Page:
As anybody who suffers from asthma knows, it’s important to be able to manage and relieve the symptoms.
A chronic disease, asthma disrupts breathing by inflaming the interior of the airways to the point where they can become swollen and painful.
As a result, the airways become more sensitive and are prone to reacting whenever the sufferer inhales irritants.
Should that happen, the airways narrow, leading to a decrease in air that’s actually reaching the lungs.
This in turn causes wheezing, coughing, tightness in the chest, and difficulty breathing.
Because this is such a serious medical issue, it’s imperative that asthma sufferers are breathing air at home that won’t make their ailment worse.
For many people, the search to find solutions for asthmatic symptoms often leads to this question: are humidifiers good for asthma?
Common belief dictates that they are; however, that doesn’t mean there aren’t any drawbacks.
If you or someone in your family suffers from asthma, don’t rush out to buy a humidifier until you’ve read through all the relevant facts.
Does Increased Moisture in the Air Help?
People usually buy a humidifier as a way to counter dry air in their home or to make breathing easier for people who are sick with an illness that affects their respiratory system.
As the staff at the Mayo Clinic explain, air that’s too dry can also have a negative impact on people with asthma, as it irritates the airways and can lead to the appearance of (or worsening) of symptoms.
A humidifier can definitely be beneficial in that regard, as it levels the levels of humidity and makes the air easier to breathe.
In addition, a humidifier can loosen any mucus in the throat or chest, which can make existing asthma symptoms worse.
What is the Ideal Humidity Level?
Unfortunately, it’s not just as easy as buying a humidifier to make things better.
There are several other things to take into account, and one of those is achieving the right level of humidity.
Ideally, the humidity level in your home should be between thirty and fifty percent.
Too little humidity and you’ll notice that you start having dry skin, eyes, nose, and throat.
However, too much humidity will result in condensation on the windows and walls, a general atmosphere of stuffiness, and the perfect breeding ground for mold, bacteria, and mites – all of which can prove seriously detrimental to anybody with asthma.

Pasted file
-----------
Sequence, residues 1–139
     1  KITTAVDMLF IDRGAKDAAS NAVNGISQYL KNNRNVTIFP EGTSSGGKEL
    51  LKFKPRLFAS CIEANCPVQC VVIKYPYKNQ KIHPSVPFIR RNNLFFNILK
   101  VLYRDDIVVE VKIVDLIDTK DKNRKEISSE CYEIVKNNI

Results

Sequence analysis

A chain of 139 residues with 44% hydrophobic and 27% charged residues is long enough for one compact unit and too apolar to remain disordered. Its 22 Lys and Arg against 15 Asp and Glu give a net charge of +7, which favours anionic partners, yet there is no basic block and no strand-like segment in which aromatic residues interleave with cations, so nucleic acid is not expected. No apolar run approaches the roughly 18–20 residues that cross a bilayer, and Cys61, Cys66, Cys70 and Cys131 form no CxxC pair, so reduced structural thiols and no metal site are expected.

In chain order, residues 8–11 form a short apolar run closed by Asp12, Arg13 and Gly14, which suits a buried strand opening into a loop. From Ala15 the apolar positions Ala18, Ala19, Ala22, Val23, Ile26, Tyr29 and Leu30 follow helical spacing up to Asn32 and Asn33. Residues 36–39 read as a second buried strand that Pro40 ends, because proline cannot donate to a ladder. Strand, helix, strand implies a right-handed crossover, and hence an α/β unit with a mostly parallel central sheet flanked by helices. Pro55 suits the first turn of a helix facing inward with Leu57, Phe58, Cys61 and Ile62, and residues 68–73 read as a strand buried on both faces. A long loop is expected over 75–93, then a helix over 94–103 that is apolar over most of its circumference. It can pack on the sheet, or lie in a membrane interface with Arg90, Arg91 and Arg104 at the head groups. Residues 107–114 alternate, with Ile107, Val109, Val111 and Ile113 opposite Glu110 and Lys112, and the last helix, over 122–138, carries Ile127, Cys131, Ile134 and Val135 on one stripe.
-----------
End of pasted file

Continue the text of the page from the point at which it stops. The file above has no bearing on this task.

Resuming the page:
In order for a humidifier to actually help with asthma, you need to make sure that you’re not over- or under-humidifying.
A Clean Humidifier is Essential
While humidifiers can definitely be helpful to asthma sufferers, it needs to be stated that they can also be very detrimental if they’re not used properly or cleaned regularly.
The type of water you use in the humidifier can actually lead to the dispersion of harmful microorganisms into the air you breathe.
As a study conducted by the US National Center for Biotechnology Information proves, distilled or demineralized water is the best choice for use as it limits the amount of undesirable material being dispensed into the air.
Neglecting to clean the humidifier on a regular basis will likely lead to the proliferation of germs, which are then dispensed into the air via steam.
To get the most use out of a humidifier, make a point to clean it at least once a week.
You don’t need to run out and buy a specific type of cleaner for this – chemical disinfectants can actually leave behind a residue that’s harmful to breath in once they’re aerosolized by the humidifier, reports Markham Heid of TIME.
Instead, just use simple dish soap and warm water. Be thorough in your cleaning in order to ensure that any mold and bacteria that has been growing in the humidifier is removed.
What Type of Humidifier Works Best For Asthma?
If you’re looking to buy a humidifier to help with asthma symptoms, you’ll need to know what type will work best.
There are two types of humidifiers for your consideration:
- Warm mist or steam humidifiers – Also known as “vaporizers,” these are the humidifiers most recommended when it comes to asthma. Because the water inside reaches a boiling temperature, most microorganisms are eliminated in the process. However, it’s still advised that you regularly clean the humidifier regardless.
- Cool mist humidifier – This type of humidifier uses a motor to agitate the water, which creates a mist that is then dispersed through the room via a fan or natural air currents. Because the water isn’t heated, there’s a greater chance for bacteria and mold spores to enter the air. Subsequently, this type of humidifier requires more frequent cleaning.
Are Humidifiers Good for Asthma?
The answer to this question is yes, they can be – as long as steps are taken to ensure they’re used properly, filled with the right kind of water, and cleaned regularly.
As long as those potential issues are addressed, a humidifier can lessen the severity of asthma symptoms and make breathing much easier for everybody.